Industry sources characterized the hardwood lumber market in the Northeast as currently strong, as some noted a sense of supply and demand finally stabilizing.
The vice president of sales and marketing for a West Virginia-based sawmill agreed that business is good. “It’s not what it was a year ago,” he added, “but the circumstances are different than what they were then. The COVID shutdowns that caused all kinds of grief with the supply chains, some of those still exist, but there is definitely more lumber making its way through the channels to the places that it needs to get to.”
He said that while he has seen prices dip and rebound on Red Oak and Cherry, White Oak seems to have been on a continual upward climb that has recently plateaued. “Hard and Soft Maple have been on fire and going wide open for the domestic cabinet industry,” he continued. “I think the prices on it have plateaued and there seems to be a little more production of that available right now. But again, there is nothing stacked up in our warehouses as unsold.”
The president of a New York-based lumber supplier noted that his company is likewise seeing strong sales in 5/4 Hard Maple in the upper grades, as well as 4/4 Soft Maple. He added 4/4 and 8/4 White Oak as a strong seller, although not on par with the Maples. For his company, the most noticeable change has been the numbers relating to their exports. “We send logs to China, and that’s coming really slow from what it was two years ago,” he said. “We’re 70 percent off from those numbers. The shipping challenges, especially for exports, have been terrible.”
A sales representative for a wholesale-only distributor of specialty lumber based in Pennsylvania sees demand remaining high for the Maples, as well. While his company deals with all species of Appalachian hardwood, he stated, “Soft Maple is the hottest item in the market right now, followed probably by Hard Maple. Common Hard Maple and Hard Maple uppers are very strong, as are Walnut Nos. 1 and 2 Common. Upper grade sales have slowed down in Walnut.”
All sources contacted mentioned transportation-related factors as an ongoing concern, both for their companies and end users. “Basically, we’re seeing fuel surcharges, cost per mile domestically going up, oftentimes as much as doubling, so we’re constantly checking freight rates,” noted one source. “We don’t quote anything until we know exactly what we’ve got to pay to get something moved.”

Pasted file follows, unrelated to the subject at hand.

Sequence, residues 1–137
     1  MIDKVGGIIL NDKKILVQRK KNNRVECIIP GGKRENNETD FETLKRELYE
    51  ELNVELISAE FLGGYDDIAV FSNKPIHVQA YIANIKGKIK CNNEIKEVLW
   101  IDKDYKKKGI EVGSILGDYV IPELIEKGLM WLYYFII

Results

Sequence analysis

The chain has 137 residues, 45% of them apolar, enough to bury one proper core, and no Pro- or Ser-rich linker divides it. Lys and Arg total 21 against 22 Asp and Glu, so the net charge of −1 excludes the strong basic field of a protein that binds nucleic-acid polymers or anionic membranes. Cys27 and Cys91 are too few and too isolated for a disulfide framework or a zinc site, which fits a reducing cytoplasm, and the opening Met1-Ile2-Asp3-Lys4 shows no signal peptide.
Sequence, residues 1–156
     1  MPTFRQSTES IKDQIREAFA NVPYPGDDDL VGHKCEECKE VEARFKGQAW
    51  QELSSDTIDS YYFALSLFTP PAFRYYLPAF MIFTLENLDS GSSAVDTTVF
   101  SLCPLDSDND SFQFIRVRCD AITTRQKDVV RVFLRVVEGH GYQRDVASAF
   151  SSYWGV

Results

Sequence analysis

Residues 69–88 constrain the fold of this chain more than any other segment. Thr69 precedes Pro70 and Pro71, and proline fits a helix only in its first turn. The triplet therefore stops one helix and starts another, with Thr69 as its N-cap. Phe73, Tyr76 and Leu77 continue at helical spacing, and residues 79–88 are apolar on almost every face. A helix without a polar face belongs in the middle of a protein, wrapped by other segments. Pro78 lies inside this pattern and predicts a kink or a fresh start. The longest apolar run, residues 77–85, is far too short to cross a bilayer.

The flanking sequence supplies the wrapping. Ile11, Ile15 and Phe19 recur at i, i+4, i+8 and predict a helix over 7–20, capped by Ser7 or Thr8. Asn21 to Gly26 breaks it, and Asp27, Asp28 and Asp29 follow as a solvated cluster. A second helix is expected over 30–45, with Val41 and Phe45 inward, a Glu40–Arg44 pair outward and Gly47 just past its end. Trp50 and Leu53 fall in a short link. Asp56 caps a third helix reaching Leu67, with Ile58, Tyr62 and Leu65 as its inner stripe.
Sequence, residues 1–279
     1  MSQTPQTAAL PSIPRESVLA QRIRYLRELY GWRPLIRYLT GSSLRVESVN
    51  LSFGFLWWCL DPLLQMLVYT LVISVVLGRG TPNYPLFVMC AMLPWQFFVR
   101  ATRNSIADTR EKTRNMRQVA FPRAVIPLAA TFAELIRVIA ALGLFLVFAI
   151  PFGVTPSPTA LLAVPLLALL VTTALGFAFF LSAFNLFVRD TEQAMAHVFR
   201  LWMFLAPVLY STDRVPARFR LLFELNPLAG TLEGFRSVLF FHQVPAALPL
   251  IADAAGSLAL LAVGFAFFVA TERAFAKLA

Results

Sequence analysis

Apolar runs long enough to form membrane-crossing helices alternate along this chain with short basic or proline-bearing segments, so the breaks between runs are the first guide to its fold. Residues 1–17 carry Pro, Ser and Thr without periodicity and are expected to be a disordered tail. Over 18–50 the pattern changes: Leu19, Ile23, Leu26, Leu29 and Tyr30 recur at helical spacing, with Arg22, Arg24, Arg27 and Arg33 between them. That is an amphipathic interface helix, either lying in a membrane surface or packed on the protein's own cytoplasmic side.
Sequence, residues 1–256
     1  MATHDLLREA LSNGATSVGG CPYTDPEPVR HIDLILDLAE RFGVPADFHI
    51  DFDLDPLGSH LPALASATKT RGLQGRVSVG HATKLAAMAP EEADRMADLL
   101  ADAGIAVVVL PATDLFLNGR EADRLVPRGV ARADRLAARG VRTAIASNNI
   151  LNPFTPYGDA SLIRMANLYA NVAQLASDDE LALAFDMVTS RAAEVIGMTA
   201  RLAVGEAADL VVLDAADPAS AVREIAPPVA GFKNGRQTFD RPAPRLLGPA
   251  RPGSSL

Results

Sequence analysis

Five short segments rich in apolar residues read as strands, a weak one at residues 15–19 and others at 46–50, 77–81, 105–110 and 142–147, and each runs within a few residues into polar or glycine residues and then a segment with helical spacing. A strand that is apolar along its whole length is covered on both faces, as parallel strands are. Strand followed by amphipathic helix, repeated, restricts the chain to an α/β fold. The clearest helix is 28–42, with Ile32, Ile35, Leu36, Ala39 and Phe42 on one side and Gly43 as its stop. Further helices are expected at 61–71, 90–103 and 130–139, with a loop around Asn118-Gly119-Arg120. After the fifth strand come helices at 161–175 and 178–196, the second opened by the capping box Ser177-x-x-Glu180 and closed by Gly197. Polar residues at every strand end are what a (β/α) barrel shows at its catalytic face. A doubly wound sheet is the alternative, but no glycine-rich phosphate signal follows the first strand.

The vice president of sales and marketing for a Maine-based sawmill selling to end users in all market segments, both export and domestic, reiterated, “There is no doubt that the three biggest challenges that everybody faces is labor, pieces and parts, and transportation. Equipment, replacement motors, everything as basic as nuts and bolts – everybody faces that issue with the international supply chain disruptions that we’ve experienced. Transportation, whether it’s domestic or overseas, is still an issue. Our group has done a great job and we’ve maintained some great shipments, but they are pulling their hair out, they’re working hard to secure trucks and bookings.” For his company, sales of 4/4 Hard Maple and Red Oak, No. 3 Common and Better, are the strongest.
Another lumber source noted how uncertainty relating to transportation – both in cost and availability – has resulted in an unintended decline in customer service. “You just can’t make promises anymore,” he said, “people don’t know how to plan. So unfortunately, it’s putting undue strain on a strained industry because you’re not nearly as efficient, nor can you follow through with promises.”
Finally, some are anticipating an inevitable market correction. “We all have a strong sense that there’s a correction coming,” stated one source. “We don’t know when that will be, whether it’s the last quarter of 2022 or the first quarter of 2023. But I think we’re just waiting to see when that actually comes to fruition.”